Originally Posted by krabbelen
I, too, in my "wisdom" have questioned this. I am a great organizer, and I have all these folders here there and everywhere and know exactly what file should be where. Of course, this is the old desktop paradigm, and I think Apple is now trying to take us some place new.
Funny thing is, Apple really invented the desktop paradigm and did it properly. MS messed it up, but now no-one can see past this old paradigm and yearns for it. I never know where anything actually resides on Windows PC's because the hierarchy is convoluted. On the Mac, everything flows from the harddrive(s) as root, because, in reality, it physically is the root.
But as superior as their desktop implementation was, Apple now wants to take us somewhere else. Technology and our mobile computing lifestyles are increasingly taking us beyond the desktop. So, it gets increasingly crazy to expose the user to the finder level -- and do it accurately
, as only Apple is wont to do. Rather, we will begin getting used to seeing our files that are available to a given program, anywhere
, on any
device that we access. It will be the same
file, and we will not need to worry if it is the latest version or not, and what file to keep when we use a different device. It won't matter where the originals are. I am really looking forward to this.
Soon I think we will be opening Keynote on the desktop and in the opening dialog box that displays templates, we will see all the files we just saw on our iPad's Keynote homescreen. In some ways, this may seem to us expert "finder jockeys" that this is a step backwards; it might seem kind of Microsoftian, with everything showing up in some kind of detached My Documents space. But I think it will work out. My preference is for either some system that is extremely accurate and reflects the reality of where files are actually physically stored (but who cares where cloud services are located and how many hard drives hold my stuff as we begin to use more and more different services); or, something new entirely; I don't care for some in-between solution. I anticipate being pleasantly surpised.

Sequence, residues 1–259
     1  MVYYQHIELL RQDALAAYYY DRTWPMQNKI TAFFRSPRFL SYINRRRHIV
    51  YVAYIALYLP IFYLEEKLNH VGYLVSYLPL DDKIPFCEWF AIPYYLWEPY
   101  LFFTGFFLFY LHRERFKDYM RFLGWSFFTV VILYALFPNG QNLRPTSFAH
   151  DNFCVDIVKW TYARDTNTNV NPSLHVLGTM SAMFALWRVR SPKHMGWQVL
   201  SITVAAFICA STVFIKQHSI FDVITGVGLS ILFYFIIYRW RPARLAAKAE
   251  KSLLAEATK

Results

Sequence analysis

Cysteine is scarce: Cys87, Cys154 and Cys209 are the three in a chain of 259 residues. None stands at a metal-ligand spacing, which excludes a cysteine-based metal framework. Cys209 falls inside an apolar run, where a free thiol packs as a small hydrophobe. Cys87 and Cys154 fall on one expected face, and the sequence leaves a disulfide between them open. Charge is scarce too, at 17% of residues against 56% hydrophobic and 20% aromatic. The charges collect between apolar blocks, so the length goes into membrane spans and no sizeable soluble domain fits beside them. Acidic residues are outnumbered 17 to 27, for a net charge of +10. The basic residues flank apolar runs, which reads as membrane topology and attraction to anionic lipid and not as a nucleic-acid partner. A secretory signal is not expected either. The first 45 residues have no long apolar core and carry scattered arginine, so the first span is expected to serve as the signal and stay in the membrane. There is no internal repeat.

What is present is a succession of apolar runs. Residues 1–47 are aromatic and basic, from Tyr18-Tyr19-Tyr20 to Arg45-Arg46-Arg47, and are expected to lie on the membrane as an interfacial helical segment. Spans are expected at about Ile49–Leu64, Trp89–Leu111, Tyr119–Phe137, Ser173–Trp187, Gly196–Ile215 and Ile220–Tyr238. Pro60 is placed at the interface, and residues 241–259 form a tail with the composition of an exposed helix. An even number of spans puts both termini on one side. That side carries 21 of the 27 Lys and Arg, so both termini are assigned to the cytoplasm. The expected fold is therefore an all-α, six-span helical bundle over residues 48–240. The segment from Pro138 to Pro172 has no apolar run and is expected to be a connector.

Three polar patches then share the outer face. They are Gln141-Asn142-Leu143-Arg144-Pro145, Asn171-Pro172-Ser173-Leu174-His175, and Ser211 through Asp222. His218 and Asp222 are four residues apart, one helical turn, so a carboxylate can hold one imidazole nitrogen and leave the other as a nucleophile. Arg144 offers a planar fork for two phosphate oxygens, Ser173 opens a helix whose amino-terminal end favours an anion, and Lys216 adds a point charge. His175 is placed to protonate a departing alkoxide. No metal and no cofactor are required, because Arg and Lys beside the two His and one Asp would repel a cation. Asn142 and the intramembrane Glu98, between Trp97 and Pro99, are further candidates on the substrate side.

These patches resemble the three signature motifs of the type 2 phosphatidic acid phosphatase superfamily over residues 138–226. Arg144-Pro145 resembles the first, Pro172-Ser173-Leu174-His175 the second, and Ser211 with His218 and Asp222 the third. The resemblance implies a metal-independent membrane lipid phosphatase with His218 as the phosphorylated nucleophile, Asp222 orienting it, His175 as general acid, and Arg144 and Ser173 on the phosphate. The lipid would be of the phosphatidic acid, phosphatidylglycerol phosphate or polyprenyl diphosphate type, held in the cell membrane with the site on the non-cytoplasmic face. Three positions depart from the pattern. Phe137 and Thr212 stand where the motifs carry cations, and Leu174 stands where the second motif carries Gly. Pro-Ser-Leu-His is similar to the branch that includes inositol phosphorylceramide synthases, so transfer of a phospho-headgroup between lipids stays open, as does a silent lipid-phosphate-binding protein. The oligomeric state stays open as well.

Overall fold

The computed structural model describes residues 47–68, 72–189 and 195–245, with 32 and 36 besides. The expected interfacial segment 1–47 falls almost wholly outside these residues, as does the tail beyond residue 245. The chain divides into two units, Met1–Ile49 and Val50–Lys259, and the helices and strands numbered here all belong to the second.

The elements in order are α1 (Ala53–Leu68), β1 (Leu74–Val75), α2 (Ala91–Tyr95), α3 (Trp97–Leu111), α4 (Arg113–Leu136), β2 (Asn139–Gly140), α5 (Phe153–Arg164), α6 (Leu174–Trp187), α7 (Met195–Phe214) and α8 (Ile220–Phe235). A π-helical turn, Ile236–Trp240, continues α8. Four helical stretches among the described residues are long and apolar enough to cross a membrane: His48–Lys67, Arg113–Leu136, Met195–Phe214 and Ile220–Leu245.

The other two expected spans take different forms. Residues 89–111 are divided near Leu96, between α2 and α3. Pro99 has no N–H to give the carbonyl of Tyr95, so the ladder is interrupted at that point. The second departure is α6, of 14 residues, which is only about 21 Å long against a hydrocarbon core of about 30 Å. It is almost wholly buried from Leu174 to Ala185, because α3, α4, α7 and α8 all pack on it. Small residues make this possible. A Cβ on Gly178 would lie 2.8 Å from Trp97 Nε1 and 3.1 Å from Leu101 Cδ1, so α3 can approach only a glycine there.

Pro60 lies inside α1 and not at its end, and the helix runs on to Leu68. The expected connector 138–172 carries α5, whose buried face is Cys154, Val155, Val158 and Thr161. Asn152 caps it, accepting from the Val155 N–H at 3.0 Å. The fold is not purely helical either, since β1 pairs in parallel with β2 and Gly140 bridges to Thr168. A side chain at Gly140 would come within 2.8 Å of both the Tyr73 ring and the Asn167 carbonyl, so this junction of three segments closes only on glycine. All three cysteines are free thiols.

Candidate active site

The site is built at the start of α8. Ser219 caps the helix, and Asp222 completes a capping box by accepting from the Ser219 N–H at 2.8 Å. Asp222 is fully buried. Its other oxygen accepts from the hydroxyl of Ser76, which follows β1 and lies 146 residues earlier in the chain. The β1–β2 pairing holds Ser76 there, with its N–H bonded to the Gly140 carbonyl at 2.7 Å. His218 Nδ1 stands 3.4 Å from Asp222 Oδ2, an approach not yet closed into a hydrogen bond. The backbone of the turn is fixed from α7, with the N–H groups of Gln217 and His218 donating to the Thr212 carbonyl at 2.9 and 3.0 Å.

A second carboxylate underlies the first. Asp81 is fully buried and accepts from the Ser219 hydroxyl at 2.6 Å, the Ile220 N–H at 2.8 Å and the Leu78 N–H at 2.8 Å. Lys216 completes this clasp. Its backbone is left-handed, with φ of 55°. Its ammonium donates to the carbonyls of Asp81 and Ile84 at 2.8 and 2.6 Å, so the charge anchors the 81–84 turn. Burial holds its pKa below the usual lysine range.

Very interesting thoughts and I mostly agree despite my earlier critical remarks.
For the record I don't think the solution is just bolting on a finder to iOS because as you say that's the desktop metaphor and it doesn't, and probably shouldn't translate to iOS. The progression I see however, is the movement away from giving access to the entire file system of the device and towards simply giving the user targets like "documents" and "downloads." This has been happening on the desktop for years and ever since snow leopard, the *default* is not to show the hard drive on the Mac desktop.
Stacks were also another obvious (to me anyway) attempt to keep the user out of the Finder and avoid the relative confusion it causes them.
I was expecting from day one that iOS would do this same thing and perhaps even take this further and that's the kind of missing solution I'm talking about. All that's necessary is for iOS to have a simple, flat, folder called "documents."
Having what we have now which is multiple, invisible folders of documents for each app that the user can never find (because they also sort of don't exist), is just a horrendous solution IMO. Even the stupids are aware that if they have a document, it's somewhere on their phone, and having this one folder to look in is the obvious solution. People also know that when the phone is connected to their computer, there is an opportunity to transfer stuff back and forth. Even complete luddites know this.
So to have this documents folder load on the desktop when you connect your phone is again, the obvious choice. It just seems to me that Apple *has* to provide this or something like it, and following their OS development so far, and windows OS development so far, one would also completely *expect* it.
IMO Apple is just moving too slow in this area.